To borrow a cliché 2022 has been a tumultuous year, albeit silver linings far and few between, for Ethiopia. Actually, it has been in the throes of political, economic and social crises in one form or another for decades now due to natural and man-made disasters. However, the eruption of an all-out war in northern Ethiopia in August between government forces and militants of the Tigray People’s Liberation Front (TPLF), the unending cycle of violence gripping certain parts of the country, the stiff headwinds the economy faced on account of difficult macroeconomic conditions as well as the occurrence of the most severe La Niña-induced droughts in the last forty years following four consecutive failed rainy seasons since late 2020, have had a particularly devastating impact on significant chunks of the population. As 2023 gets into full swing it’s only appropriate to not only reflect on the significant events of 2022 and evaluate the circumstances under which the year was spent, but also make amends for the mistakes made then. If Ethiopia is to make a dent in the multi-pronged challenges it had been facing perennially during 2023, it has no choice but to do everything in its power to overcome them before they get worse.
Of all the setbacks that Ethiopia experienced in 2022 the most testing was the resumption in August of active hostilities in northern Ethiopia. The fighting shattered the relative peace that had prevailed for five months on the back of a truce declared by the government in March to facilitate the flow of humanitarian aid into the Tigray region. Aside from dealing a blow to the efforts started in June 2022 to stop the war, which began when TPLF militants launched an attack on federal army camps based in Tigray in November 2020, the war led to the death of thousands and the displacement of hundreds of thousands from their homes. The recommencement of conflict left Ethiopians despairing over whether there is an end in sight to it. Fortunately, it was brought to a halt without exacting the horrendous toll many had feared it would thanks to the conclusion of a surprise peace deal in November.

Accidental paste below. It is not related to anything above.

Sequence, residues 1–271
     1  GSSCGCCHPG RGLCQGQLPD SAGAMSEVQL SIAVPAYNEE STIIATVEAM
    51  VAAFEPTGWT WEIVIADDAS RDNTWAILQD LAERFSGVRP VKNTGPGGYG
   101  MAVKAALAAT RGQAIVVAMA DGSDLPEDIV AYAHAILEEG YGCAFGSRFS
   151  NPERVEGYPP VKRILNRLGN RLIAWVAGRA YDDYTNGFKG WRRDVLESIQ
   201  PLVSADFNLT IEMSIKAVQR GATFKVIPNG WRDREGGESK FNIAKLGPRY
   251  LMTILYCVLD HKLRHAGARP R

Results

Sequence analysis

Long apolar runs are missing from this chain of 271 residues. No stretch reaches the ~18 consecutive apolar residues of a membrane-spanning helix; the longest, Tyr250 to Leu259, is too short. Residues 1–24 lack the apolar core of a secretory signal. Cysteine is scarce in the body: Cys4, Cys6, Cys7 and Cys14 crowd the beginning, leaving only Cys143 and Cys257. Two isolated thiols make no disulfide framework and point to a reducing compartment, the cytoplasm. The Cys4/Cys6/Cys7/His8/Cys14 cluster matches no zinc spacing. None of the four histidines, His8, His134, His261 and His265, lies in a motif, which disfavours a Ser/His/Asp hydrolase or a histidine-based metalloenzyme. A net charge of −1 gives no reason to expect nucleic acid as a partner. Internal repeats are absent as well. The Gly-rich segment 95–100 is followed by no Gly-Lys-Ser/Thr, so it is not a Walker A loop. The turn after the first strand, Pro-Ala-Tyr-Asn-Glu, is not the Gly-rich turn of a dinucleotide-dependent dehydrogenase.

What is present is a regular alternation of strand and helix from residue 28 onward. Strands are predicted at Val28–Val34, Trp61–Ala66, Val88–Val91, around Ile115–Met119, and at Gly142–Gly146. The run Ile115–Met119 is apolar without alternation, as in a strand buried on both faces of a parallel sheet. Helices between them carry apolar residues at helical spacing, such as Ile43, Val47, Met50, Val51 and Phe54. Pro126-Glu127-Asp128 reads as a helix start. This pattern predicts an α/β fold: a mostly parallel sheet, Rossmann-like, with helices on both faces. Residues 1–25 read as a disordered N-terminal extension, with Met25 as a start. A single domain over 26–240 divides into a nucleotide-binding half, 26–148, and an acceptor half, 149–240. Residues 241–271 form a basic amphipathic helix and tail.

2022 also saw the recurrence of attacks—most ethnically motivated and some driven by the desire to amass wealth without hard work—that had mostly been blighting the western part of Ethiopia. The unending bout of horrific cycle continued to make life a living hell for the communities living in the affected areas. Thousands of defenseless civilians were killed while millions more sent fleeing and robbed of their properties in broad daylight by different armed groups including the terrorist designated “OLF-Shene” in some zones of Oromia and other regional states. A dark stain on the nation’s conscience, the violence has been unfolding with sickening regularity since the advent to power of Prime Minister Abiy Ahmed (PhD) in April 2018. By the premier’s own admission not that long ago, one deadly conflict has taken place on average in Ethiopia after he came to office. The atrocities ravaging Ethiopia are largely fueled by its strategic foes and executed by traitors at home for the singular purpose of destabilizing the country. This is aimed at rendering it incapable of foiling the evil agenda they have in store for it. Given that the underlying political conditions which have left Ethiopia vulnerable to the machinations of its enemies remain unchanged, it would be remiss to expect that 2023 is going to be different from its predecessors.